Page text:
With a per capital income of around US $ 200 Vietnam is one of the poorest countries of theworld. It is populated with 70 million people, mainly engaged in agriculture, which contributes onethird of GDP and accounts for two thirds of employment. Population is concentrated in the Red-river delta in the North with the capital Hanoi and in the Mekong delta in the South with thecountry’s biggest city and commercial center Ho Chi Minh City. Despite of the country’s lowincome, most social indicators like infant mortality, life expectancy and literacy rate are quitegood. Large regional imbalance exits with regard to basic industrial endowments. Compared tothe North, the South has a bigger capital stock in manufacturing, larger entrepreneurial tradition,better infrastructure and easier access to capital from overseas Vietnamese.From the mid-nineteenth’s century on, Vietnam was under French rule. Following the war againstFrance, the country was divided into two parts in 1954. While the South adopted a capitalisteconomic policy highly influenced by the US Americans. The Democratic Republic of Vietnam inthe North adopted a development strategy following the Soviet model. A central planning systemwas introduced including a promotion of heavy industry and collectivization of all economicsectors. Following reunification in 1976, the South economy was integrated with the economicsystem of the North. Vietnam was largely isolated from the Western world, with the Eastern bloccountries as major trading partners and sources of financial and other assistance.Due to unsatisfying results of economic growth, the 6
th
Party Congress introduced a major changeof Vietnamese economic policy in 1986. The reform measures, known under the name “doi moi”,striver for a more market-oriented development strategy and the establishment of a “multi-sector economy”. Measures started with a return to a family farming based on long-term leases.Agricultural production reacted with a strong increase in output and Vietnam, which was a riceimporter before, became one of the largest rice exporting nations. Further important reformmeasures included a price reform removing virtually all price controls, a devaluation and
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Reading 1: Framework Conditions for Small Enterprise Development in Vietnam
unification of the exchange rate, a fiscal reform consolidating the state budget and removal of most subsidies for state-owned enterprises which were released from central planning at thesame time.Private ownership and private entrepreneurship are protected by the new Vietnameseconstitution. Major laws like the “law on private enterprise” were introduced in order to regulatethe sector. Meanwhile, private business are allowed to engage in almost all sectors and branchesof the economy and have the right to contract employees according to their needs. In general,there is no official discrimination between the state or cooperative sector and the private sector inVietnam, today.First results of the reform policy are promising; Vietnam achieved a strong average growth of about 7% during 1989 and 1993. Inflation was cut down to 5% in 1993 and the exchange rateremained stable. Growth started with the agricultural sector responding to price liberalization andstrengthened property rights. With the rural incomes increasing, construction and serviceindustries benefited next. The latest phase of economic growth is led by the industrial sector,especially the oil sector, light manufacturing and agroprocessing sector.
Small-scale Enterprises in Vietnam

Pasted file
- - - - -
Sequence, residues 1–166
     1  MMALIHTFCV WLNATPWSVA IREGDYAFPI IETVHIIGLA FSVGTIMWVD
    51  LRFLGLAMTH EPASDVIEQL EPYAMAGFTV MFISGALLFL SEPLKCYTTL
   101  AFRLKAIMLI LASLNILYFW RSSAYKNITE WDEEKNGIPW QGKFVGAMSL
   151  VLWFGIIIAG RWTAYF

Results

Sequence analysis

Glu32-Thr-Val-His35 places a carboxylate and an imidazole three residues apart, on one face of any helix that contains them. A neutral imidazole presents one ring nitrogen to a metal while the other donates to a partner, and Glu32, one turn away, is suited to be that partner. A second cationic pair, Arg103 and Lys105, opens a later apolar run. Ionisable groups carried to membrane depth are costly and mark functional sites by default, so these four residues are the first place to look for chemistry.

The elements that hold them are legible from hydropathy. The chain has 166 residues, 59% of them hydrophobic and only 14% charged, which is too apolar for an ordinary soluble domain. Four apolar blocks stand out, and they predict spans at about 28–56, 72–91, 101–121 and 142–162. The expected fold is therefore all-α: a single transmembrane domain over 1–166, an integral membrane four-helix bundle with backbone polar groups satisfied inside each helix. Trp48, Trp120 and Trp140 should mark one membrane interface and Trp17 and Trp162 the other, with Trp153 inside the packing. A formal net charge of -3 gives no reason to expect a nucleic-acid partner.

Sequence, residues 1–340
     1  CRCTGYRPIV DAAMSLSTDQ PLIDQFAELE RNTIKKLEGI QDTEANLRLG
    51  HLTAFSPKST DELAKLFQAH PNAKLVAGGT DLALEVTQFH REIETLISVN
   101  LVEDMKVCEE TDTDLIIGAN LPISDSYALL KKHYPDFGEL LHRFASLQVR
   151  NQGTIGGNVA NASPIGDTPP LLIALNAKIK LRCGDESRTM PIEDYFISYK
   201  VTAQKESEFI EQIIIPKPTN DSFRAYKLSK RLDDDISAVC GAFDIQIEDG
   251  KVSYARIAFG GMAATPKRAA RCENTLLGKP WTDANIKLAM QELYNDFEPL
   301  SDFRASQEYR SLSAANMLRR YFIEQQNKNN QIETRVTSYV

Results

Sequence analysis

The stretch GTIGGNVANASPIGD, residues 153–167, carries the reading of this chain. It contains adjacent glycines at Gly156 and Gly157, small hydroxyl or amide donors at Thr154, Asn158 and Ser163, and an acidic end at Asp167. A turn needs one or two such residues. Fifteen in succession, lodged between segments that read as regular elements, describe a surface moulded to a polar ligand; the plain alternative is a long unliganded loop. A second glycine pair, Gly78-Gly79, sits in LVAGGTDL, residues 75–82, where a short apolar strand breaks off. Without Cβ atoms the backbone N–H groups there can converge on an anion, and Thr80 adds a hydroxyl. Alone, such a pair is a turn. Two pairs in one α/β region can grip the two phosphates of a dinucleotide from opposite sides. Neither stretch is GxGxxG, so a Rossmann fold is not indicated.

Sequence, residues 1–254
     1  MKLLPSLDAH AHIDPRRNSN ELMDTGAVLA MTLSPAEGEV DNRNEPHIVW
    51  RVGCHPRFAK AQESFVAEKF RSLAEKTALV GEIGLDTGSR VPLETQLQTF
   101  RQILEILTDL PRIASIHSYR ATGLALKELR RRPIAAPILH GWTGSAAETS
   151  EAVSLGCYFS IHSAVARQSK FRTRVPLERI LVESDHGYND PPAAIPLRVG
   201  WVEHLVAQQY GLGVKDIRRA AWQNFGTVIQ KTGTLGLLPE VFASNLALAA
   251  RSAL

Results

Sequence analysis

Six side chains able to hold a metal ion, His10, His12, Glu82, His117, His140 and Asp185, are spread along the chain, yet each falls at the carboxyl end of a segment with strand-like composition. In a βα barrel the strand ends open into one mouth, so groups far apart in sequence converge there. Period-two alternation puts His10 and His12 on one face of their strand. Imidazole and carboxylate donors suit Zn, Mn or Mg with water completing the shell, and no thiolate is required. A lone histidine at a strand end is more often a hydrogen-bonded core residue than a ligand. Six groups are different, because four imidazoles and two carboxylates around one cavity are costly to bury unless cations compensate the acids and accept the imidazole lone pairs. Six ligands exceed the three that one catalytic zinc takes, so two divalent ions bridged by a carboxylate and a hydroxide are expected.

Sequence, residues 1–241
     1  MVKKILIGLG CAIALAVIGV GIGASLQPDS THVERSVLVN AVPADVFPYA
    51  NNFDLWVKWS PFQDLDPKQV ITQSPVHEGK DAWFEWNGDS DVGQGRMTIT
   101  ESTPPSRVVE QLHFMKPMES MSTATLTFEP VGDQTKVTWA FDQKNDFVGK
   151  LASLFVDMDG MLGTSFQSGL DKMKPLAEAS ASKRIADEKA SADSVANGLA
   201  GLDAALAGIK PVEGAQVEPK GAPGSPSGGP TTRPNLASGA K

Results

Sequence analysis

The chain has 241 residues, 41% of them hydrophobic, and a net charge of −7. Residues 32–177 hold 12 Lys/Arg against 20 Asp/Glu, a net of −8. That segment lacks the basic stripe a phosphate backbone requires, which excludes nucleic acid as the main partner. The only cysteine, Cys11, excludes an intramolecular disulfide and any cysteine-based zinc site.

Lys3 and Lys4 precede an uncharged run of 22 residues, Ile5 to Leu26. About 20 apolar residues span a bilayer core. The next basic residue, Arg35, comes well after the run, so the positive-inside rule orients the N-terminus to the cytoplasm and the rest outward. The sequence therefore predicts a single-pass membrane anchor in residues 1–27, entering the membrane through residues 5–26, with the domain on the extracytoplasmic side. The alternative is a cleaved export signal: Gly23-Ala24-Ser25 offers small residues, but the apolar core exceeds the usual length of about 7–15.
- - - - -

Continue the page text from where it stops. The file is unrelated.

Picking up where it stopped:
With regard to ownership, there are three economic sectors in Vietnam. The first one is the stateenterprise sector accounting for around 25% of GDP and over half of total industrial value added.In 1990, there were around 12.000 state enterprises employing approximately 8% of the country’slabor force. While the 2.000 centrally managed state enterprises are foremost engaged in heavyindustries, the other enterprises are under provincial or local control and engage foremost in lightindustries, construction transport and services. State enterprises are usually medium or largescale with an average number of workers between 140 and 280. The second one is the collectivesector. Its major important its in agriculture, while the sector is of less important in urban areas.Furthermore, due to the economic liberalization measures, the collective sector has beendeclining significantly since the mid-1980s. The third one is the private sector. It has been growingrapidly since reform measures were introduced. Since 1988, employment in the private sector hastripled and accounts now for about 30% of total employment. Industrial production in the sector increased between 10 and 35% p.a. during the last years.According to Vietnamese legislation, the private sector basically consists of two categories.Medium or bigger sized enterprises are registered as private enterprise, limited liability companyor joint stock company, each regulated by a special law. The small units are registered as so-called household enterprise or company, the entrepreneur has to provide a specific minimumlegal capital, whereby the limits are fixed by government for each specific brand. For a registrationas household enterprise, such capital requirements are not necessary.According to the statistics of 1994, the number of private enterprises and limited companiesamounts to 11.000. With 1.64 million units the number of household enterprises is by far higher. Abreakdown shows that the majority of 950.000 household enterprises are engaged in trade andservices, small industries and handicrafts are ranking next with 550.000 units and finally 140.000household enterprises are engaged in transport. The official statistics indicate that about 3.5million people are employed in these private enterprises. However, due to a comprehensivesurvey of 1.000 non-state enterprises in Vietnam, there are an average number of additional 3.7unpaid workers in each household enterprise. Therefore, there may be about 7.5 million people inVietnam working in household enterprises. The overwhelming majority of household enterprises